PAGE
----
rather than being used by it in the service of selfish interests. In
Schumacher's words, "It is a question of finding the right path
of development, the Middle Way, between materialist heedlessness and
traditionalist immobility, in short, of finding 'Right Livelihood.'"
Clearly, all the above must ultimately be conceived
on a world scale. "Today we have become so interdependent and
so closely connected with each other that without a sense of universal
responsibility, irrespective of different ideologies and faiths, our
very existence or survival would be difficult" (Dalai Lama, 1976,
pp. 5, 28). This statement underlines the importance of Buddhist internationalism
and of social policy and social action conceived on a world scale.
The above is not offered as some kind of blueprint
for utopia. Progress would be as conflict-ridden as the spiritual path
of the ordinary Buddhist -- and the world may never get there anyway.
However, Buddhism is a very practical and pragmatic kind of idealism,
and there is, as always, really no alternative but to try.
2.9 Organizing social action
A systematic review of the different kinds of Buddhist
organization for social action which have appeared in different parts
of the world is beyond the scope of this pamphlet. Some considerable
research would be required, and the results would merit at least a
Later we shall introduce three contrasting movements
which are in some sense or others examples of Buddhist social action.
Each is related more or less strongly to the particular social culture
in which it originated, and all should therefore be studied as illustrative
examples-in-context and not necessarily as export models for other
countries. They are, however, very suggestive, and two of the three
have spread beyond their country of origin.
2.9a Maintaining balance
Social action needs to be organized and practiced
in such a way as to build upon its potential for spiritual practice
and to guard against its seductions. Collective labor with fellow-Buddhists
raises creative energy, encourages positive attitudes and engenders
a strong spirit of fellowship. The conflicts, disagreements, obstacles,
and discouragements which will certainly be met along the way offer
rich meditation experiences and opportunity for personal growth, so
long as scrupulous mindfulness is sustained.
The meditator will learn as much about himself in
a contentious meeting as he will in the meditation hall. Both kinds
of experience are needed, and they complement one another. Social action
is a great ripener of compassion (for self as well as for others),
out of the bitterness of the experiences which it commonly offers.
Yet, like nothing else, it can stir up the partisan emotions and powerfully
exult the opinionated ego. The busy, patronizing evangelist not only
gives an undercover boost to his own ego; he also steals another person's
responsibility for himself. However, these dangers are, comparatively
speaking, gross and tangible when set against the no less ego-enhancing
seduction of Other-Worldliness and dharma-ridden pietism. Such "spiritual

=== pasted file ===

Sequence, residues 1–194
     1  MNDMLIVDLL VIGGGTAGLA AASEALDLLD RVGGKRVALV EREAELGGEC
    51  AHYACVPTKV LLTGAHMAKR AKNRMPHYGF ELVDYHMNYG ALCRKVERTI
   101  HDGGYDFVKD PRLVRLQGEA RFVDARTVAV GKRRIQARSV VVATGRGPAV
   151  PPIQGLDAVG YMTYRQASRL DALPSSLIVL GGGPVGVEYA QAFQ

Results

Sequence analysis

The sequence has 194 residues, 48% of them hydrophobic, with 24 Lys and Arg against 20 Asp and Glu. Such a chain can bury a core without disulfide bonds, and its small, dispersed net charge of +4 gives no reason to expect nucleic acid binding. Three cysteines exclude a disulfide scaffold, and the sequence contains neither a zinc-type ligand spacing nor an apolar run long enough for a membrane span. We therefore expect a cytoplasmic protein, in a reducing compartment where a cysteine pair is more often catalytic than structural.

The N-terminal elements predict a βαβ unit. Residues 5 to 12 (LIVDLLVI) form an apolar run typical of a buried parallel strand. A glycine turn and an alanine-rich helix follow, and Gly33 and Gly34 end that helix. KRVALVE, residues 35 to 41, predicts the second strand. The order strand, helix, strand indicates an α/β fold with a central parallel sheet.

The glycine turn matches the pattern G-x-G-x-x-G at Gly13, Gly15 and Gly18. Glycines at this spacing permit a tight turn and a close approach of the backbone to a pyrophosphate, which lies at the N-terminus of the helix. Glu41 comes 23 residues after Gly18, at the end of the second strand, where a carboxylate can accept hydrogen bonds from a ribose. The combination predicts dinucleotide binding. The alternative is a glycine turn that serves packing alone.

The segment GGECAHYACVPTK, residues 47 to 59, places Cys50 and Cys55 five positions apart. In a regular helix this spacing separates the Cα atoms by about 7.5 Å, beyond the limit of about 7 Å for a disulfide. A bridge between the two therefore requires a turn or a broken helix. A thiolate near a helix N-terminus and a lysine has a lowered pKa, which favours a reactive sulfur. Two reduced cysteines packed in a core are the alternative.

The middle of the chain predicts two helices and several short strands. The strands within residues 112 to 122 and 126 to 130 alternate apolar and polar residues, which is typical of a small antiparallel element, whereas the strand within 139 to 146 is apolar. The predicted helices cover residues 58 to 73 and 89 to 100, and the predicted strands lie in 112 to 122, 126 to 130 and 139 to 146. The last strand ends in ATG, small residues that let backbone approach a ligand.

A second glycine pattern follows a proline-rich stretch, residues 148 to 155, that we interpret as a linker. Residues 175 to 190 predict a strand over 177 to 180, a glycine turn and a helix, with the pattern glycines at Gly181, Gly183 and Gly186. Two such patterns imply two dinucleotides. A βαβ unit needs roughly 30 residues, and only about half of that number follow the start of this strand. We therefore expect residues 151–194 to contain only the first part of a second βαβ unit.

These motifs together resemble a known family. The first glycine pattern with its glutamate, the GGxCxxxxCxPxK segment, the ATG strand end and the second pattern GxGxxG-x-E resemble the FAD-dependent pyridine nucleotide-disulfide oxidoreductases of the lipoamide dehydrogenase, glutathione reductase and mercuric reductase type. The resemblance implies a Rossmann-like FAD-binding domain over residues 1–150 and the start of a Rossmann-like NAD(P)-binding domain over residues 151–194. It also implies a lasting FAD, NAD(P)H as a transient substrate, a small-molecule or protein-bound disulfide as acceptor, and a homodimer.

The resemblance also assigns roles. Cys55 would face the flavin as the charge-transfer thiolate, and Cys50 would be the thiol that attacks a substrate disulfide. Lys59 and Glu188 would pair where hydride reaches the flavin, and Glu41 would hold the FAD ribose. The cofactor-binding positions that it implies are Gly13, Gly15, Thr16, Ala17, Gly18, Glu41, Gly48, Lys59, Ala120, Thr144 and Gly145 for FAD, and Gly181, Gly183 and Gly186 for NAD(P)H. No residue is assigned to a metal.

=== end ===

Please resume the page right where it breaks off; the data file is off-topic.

materialism," as Chogyam Trungpa calls it, has long been recognized
as the ultimate and most elusive kind of self-deception which threatens
the follower of the spiritual path.
The seduction lies in being carried away by our
good works, in becoming subtly attached to the new goals and enterprises
we have set ourselves, so that no space is left in our busily structured
hours in which some saving strength of the spirit can abide. Here is
opportunity to learn how to dance with time -- "the river in which
we go fishing," as Thoreau called it, instead of neatly packaging
away our lives in it, or letting it dictate us. And in committee lies
the opportunity of slowly turning the hot, lusty partisanship of self-opinionated
confirmation into the kind of space and dialogue in which we can communicate,
and can even learn to love our most implacable opponents.
It is therefore important that both the individual
and the group set aside regular periods for meditation, with periods
of retreat at longer intervals. It is important also that experience
and the feel of the social action project should as far as possible
be shared openly within the Buddhist group.
In our view, the first social action of the isolated
Buddhist is not to withhold the Dharma from the community in which
he or she lives. However modest one's own understanding of the Dharma,
there is always some first step that can be taken and something to
be learned from taking that step. Even two or three can be a greater
light to one another, and many forms of help are often available from
outside such as working together through a correspondence course, for
example, or listening to borrowed audiocassettes.
For the reasons given earlier it is important that
social action projects should, where possible, be undertaken by a Buddhist
group rather than each individual "doing his own thing." And
since the Buddhist group will, in most Western countries, be small
and isolated, it is important that the work be undertaken in co-operation